Trey Edward Shults’ psychological horror/drama It Comes At Night is set in a not so distant apocalyptic future, where an infectious disease has rapidly spread without any known cause or cure. Paul (Joel Edgerton), his wife Sarah (Carmen Ejogo) and their 17-year-old son Travis (Kelvin Harrison Jr.) are left desolate in the woods, their strict routine and the confines within their house providing some reliable stability for their survival. However, their short-lived security is disrupted by Paul (Joel Edgerton)’s breaching on their foundation, another survivor merely looking for food and water to keep his wife and son healthy and alive. The two families eventually join under one roof, yet intentions are quickly questioned and survival instincts come to a clashing climax, questioning the difference between simply living and keeping one’s humanistic values intact.
Shults doesn’t rely on practical jump scares as a crutch to keep the film’s tone ominous, rather his deliberately lurking shots through hallways and in secretive nooks of the house as well as his choice for an ambient and pulsating music score acts as an intangible “It”, something beyond the realm of explanation yet imprisons both families and is used as a source of calamity. Set in isolation in the middle of the woods, the only sight provided after dark are through the means of candles and lamps, more often than not casting shadows and uncertainty as to what or who may be hiding just beyond reach. Travis’ recurring nightmares are used as a way of processing this newfound territory from an adolescent’s point of view, his visions frequently indistinguishable from reality until he frantically regains consciousness. The emphasis on the house’s sole room as the only means of entering and exiting with its threatening red door serves as a barrier between the comforting illusion of survival within strict confines versus the unknown yet inevitable reality of what awaits outside that Paul and his family will inevitably have to confront.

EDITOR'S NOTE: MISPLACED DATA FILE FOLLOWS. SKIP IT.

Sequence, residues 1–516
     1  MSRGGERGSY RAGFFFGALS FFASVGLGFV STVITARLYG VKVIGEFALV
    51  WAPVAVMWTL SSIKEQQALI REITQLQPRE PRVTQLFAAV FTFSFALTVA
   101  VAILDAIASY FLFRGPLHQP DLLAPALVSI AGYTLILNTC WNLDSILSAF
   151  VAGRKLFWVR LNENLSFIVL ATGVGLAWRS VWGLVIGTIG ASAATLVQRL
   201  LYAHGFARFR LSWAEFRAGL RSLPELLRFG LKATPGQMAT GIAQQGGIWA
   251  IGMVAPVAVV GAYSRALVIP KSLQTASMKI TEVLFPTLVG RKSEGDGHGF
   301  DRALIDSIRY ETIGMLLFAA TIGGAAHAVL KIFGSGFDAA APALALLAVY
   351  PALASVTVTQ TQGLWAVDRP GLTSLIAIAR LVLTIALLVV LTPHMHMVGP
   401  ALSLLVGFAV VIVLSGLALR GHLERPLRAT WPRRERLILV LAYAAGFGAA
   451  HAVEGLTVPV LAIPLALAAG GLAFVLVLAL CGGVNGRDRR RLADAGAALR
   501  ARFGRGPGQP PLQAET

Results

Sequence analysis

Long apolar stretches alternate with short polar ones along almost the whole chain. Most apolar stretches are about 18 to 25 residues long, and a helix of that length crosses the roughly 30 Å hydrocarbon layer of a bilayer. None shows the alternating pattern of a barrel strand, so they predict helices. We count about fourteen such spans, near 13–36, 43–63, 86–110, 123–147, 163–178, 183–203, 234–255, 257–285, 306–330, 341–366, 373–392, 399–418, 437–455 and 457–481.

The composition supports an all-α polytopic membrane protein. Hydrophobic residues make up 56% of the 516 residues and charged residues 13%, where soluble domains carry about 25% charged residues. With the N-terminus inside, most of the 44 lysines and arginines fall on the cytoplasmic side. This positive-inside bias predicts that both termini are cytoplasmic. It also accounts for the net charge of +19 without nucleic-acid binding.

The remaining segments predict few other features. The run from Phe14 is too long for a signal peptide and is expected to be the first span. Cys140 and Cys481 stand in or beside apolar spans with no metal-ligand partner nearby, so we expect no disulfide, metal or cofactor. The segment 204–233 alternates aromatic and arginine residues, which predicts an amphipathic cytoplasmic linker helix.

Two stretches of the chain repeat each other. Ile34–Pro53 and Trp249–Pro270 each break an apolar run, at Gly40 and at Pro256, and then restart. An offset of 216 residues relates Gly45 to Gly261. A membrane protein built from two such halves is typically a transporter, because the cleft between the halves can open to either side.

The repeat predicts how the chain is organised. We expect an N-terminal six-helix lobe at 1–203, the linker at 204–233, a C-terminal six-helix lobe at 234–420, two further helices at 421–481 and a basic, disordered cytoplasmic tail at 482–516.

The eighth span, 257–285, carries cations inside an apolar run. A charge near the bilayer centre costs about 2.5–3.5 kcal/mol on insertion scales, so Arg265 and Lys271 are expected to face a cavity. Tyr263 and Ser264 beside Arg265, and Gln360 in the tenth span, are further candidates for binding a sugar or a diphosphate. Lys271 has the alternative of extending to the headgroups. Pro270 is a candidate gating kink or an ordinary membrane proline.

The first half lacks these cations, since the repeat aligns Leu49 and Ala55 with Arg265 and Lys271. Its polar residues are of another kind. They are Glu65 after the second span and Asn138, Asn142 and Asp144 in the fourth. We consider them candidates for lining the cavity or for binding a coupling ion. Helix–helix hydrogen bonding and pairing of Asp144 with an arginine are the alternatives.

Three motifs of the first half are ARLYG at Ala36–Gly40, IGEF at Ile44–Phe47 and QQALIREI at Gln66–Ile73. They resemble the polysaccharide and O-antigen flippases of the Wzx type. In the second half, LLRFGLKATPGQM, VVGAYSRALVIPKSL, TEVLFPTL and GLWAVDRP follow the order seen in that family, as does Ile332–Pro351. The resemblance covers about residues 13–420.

Following in a similar vein as his directorial debut for Krisha, Shults’ remarkability lies in embedding subtle nuances and depth when it comes to character development. Both Paul and Will’s intentions are largely focused on keeping their family alive and safe, while Sarah’s empathetic nature remains steadfast yet free of frivolity. Their son Travis acts as a bridge between the two families, playing the role of nurturer to young Andrew and engaging in practical duties and conversation with Will and Sarah. Any initial bonding and warmth that begins to form between the two families is promptly fractured by hazy deceptions and subtle breaches of trust, especially between Paul and Will. The focus on slight expressions and prolonged or brief eye contact between strangers during conversations and confrontations becomes the only means they depend on to hopefully gain any answers. Is there actual weight to these faint slip ups, or is it in Paul’s nature to turn cynical and suspicious in the wake of their circumstances? These questions raise themselves throughout the film but Shults does the audience a favor by providing no simple answers.